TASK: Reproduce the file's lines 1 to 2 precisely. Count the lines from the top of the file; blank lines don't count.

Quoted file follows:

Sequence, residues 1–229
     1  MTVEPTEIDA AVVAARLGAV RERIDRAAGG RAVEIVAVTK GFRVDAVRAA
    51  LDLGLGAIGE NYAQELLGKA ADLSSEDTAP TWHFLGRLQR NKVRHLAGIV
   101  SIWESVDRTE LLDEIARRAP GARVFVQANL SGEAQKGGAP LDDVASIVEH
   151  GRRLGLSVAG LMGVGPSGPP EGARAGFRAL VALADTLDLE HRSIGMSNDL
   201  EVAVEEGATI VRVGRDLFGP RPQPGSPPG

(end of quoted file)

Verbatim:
Sequence, residues 1–229
     1  MTVEPTEIDA AVVAARLGAV RERIDRAAGG RAVEIVAVTK GFRVDAVRAA